Easter Sunday, A New Hope


Let me greet you with the greeting that is going around the planet this morning, where Christians meet online, in virtual churches and gatherings, and within families in Christian homes –

“He has risen!  He has risen indeed!”

Take a moment to share that with one another right now, or with someone you meet today.

The Resurrection of Jesus is the center point of our faith. Let me share the lyrics of this song of praise by Ron Kenoly.  The song is ‘Jesus is Alive’.

Hallelujah Jesus is alive
Death has lost its vict’ry
And the grave has been denied
Jesus lives forever
He’s alive He’s alive

He’s the Alpha and Omega
The first and last is He
The curse of sin is broken
And we have perfect liberty
The Lamb of God has risen
He’s alive He’s alive

Hallelujah Jesus is alive

Scripture:  John 20: 1-18

The Empty Tomb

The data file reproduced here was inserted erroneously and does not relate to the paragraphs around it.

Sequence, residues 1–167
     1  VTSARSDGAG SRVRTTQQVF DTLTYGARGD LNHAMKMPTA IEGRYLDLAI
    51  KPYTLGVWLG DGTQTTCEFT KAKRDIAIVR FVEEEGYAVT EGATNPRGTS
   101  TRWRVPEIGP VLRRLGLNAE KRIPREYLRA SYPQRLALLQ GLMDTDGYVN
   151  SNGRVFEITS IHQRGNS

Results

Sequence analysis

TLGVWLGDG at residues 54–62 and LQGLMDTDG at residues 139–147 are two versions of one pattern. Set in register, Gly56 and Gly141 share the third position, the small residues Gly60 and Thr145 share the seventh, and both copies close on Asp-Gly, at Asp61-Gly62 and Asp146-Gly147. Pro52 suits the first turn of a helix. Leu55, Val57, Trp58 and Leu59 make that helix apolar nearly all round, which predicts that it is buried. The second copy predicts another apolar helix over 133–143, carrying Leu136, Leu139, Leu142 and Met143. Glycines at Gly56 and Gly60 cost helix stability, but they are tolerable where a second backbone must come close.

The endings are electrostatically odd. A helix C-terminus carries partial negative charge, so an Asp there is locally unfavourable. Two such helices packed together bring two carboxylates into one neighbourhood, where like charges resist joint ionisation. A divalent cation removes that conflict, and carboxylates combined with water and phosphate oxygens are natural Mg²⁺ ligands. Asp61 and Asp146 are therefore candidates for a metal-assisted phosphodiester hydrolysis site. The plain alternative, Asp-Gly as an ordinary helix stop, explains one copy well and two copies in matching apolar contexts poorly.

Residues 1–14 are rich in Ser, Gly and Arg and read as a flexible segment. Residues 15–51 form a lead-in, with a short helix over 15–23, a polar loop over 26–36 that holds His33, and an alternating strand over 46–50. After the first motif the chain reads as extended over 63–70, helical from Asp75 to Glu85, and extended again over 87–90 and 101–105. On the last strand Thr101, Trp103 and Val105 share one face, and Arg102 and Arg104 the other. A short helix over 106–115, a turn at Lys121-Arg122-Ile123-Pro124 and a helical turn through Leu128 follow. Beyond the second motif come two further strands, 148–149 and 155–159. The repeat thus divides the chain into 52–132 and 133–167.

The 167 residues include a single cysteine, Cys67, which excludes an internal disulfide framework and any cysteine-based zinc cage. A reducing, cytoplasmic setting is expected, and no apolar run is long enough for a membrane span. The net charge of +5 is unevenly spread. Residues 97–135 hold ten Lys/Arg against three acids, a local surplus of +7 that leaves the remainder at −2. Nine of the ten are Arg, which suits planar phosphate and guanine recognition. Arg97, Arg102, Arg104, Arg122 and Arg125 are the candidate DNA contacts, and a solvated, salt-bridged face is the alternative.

20 Very early Sunday morning,[a] before sunrise, Mary Magdalene made her way to the tomb. And when she arrived she discovered that the stone that sealed the entrance to the tomb was moved away! So she went running as fast as she could to go tell Peter and the other disciple, the one Jesus loved.[b] She told them, “They’ve taken the Lord’s body from the tomb, and we don’t know where he is!”

Then Peter and the other disciple jumped up and ran to the tomb to go see for themselves. They started out together, but the other disciple outran Peter and reached the tomb first.[c] He didn’t enter the tomb, but peeked in, and saw only the linen cloths lying there. Then Peter came behind him and went right into the tomb. He too noticed the linen cloths lying there, but the burial cloth that had been on Jesus’ head had been rolled up and placed separate from the other cloths.

Then the other disciple who had reached the tomb first went in, and after one look, he believed![d] For until then they hadn’t understood the Scriptures that prophesied[e] that he was destined to rise from the dead.[f] 10 Puzzled, Peter and the other disciple then left and went back to their homes.